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Media Watch 2010

08 November 2010
Source: The Times
Author: Jack Straw, former British Foreign Secretary
Comment: Jack Straw's comments on Cyprus are a reminder of his utter contempt for the Rule of Law
Jack Straw: "No ifs or buts, Turkey must be part of the EU; Cyprus is just an excuse for those who cannot stomach the accession of a Muslim country"
The most important strategic decision facing the EU is its future relationship with Turkey. The UK's position has long been clear and bipartisan — full Turkish membership of the EU as soon as possible.

The most important strategic decision facing the EU is its future relationship with Turkey. The UK's position has long been clear and bipartisan — full Turkish membership of the EU as soon as possible. David Cameron told the Commons in June that "we should back [Turkey's membership] wholeheartedly". Britain's unambiguous support for Turkey will be underscored by the visit of Abdullah Gül, its President, this week, with the award to him tomorrow by the Queen of the Chatham House Prize. 
 
Forty-six years after Turkey first signalled its wish to join the EU, there was some hope in 2005 that rapid progress towards this goal might be achieved. Following tortuous negotiations under the UK Presidency all 27 members of the EU agreed on 3 October 2005 actively to start accession negotiations with Turkey. 
 
But the wheels have come off, with potentially disastrous consequences. In the summer, in light of Turkey's refusal to back tougher sanctions on Iran, Robert Gates, the US Defence Secretary, claimed that Turkey may have been "pushed by some in Europe" towards Iran. This "pushing away" has not followed from any conscious rethinking of the 2005 decision to embrace Turkey, but principally because Europe's strategic future with Turkey (population 74 million) is now hostage to negotiations over Cyprus. (Greek Cypriot population 0.75 million, Turkish Cypriot 0.25 million).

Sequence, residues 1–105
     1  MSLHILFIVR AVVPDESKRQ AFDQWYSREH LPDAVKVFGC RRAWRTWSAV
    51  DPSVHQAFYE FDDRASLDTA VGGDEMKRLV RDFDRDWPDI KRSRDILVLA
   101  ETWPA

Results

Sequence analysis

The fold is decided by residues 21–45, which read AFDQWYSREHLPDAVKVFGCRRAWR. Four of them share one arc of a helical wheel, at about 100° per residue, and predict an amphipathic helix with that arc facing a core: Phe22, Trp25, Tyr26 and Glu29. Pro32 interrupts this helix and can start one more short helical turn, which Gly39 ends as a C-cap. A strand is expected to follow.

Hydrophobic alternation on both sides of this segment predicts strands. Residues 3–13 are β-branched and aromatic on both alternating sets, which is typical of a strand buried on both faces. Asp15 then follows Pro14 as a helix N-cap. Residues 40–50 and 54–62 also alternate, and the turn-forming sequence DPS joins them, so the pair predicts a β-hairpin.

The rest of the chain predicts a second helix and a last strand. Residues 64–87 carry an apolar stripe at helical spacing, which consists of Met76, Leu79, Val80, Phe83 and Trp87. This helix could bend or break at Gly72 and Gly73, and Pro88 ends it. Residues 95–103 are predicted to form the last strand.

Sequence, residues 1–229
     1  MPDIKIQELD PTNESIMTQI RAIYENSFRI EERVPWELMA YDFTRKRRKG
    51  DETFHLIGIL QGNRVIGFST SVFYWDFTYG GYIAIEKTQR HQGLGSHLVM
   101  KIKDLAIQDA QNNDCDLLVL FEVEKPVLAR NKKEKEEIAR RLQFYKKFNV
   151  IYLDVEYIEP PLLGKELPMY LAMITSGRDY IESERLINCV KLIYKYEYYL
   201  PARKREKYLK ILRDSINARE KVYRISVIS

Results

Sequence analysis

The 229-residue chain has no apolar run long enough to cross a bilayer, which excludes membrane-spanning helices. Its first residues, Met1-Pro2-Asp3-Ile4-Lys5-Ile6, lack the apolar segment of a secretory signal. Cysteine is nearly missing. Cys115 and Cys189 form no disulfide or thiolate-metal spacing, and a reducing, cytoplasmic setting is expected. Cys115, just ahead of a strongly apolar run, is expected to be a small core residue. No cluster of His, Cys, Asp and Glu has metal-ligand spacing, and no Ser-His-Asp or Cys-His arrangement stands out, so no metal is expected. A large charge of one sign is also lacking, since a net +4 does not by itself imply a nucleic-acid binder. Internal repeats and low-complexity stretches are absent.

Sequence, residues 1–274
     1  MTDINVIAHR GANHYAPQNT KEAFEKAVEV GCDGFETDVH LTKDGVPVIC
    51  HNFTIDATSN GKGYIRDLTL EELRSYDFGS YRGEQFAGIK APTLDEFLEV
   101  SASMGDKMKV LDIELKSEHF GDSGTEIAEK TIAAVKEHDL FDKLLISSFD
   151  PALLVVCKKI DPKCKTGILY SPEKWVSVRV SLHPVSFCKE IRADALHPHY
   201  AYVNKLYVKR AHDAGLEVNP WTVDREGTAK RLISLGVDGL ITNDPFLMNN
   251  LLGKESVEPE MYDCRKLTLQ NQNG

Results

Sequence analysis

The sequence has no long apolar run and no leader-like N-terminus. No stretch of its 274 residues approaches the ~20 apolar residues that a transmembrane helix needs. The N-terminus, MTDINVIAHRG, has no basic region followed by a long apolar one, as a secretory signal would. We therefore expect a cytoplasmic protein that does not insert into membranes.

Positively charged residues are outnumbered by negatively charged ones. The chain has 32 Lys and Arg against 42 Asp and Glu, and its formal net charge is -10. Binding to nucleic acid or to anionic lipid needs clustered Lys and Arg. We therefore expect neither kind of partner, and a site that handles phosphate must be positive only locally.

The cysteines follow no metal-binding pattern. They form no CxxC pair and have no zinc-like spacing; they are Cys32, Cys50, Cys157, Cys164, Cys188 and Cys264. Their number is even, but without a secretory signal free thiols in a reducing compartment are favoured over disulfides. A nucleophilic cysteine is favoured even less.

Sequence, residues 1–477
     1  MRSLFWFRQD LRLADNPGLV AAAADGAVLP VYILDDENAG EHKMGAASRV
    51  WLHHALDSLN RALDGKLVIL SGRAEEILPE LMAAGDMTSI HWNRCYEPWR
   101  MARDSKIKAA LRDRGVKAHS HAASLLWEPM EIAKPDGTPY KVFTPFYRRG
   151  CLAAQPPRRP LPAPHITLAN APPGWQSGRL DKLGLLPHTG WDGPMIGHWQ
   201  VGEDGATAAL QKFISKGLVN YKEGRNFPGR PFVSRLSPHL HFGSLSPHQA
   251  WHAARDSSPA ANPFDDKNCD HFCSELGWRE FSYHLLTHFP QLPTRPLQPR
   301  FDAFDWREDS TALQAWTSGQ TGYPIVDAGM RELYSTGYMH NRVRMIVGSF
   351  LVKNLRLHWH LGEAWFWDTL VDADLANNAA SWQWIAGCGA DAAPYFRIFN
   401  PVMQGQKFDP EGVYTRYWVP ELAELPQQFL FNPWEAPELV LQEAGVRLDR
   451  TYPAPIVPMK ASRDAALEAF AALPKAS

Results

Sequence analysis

Cyprus is an internationally recognised sovereign state. However, the writ of the Government of Cyprus extends only to the south of the island, ever since the Turkish Army's occupation of the predominantly Turkish Cypriot north in 1974. A UN "Green Line" runs through the middle of the capital, Nicosia, with the government of the not-so-far recognised "Turkish Republic of Northern Cyprus" (TRNC) in control in the north, with thousands of Turkish troops garrisoned there too. 
 
There are two stories: one of the "unjustifiable" Turkish invasion; the other of such "violent oppression" by the Greek majority of the minority that Turkish protection was (and is) vital. Both sets of stories have truths, but because Greek Cyprus was admitted to the EU before any settlement of the island's future it is their truths which dominate EU decisions on Turkey. 
 
Of the 35 chapters of the draft accession treaty with Turkey, 18 (the key ones) are blocked or frozen — eight by a formal EU decision, four by France, and six by Cyprus. Although there is opposition in France to Turkish membership, the naked vulgarity of those whose real objections are that Turkey is 98 per cent Muslim would be far easier to counter without the convenient excuse that Cyprus provides.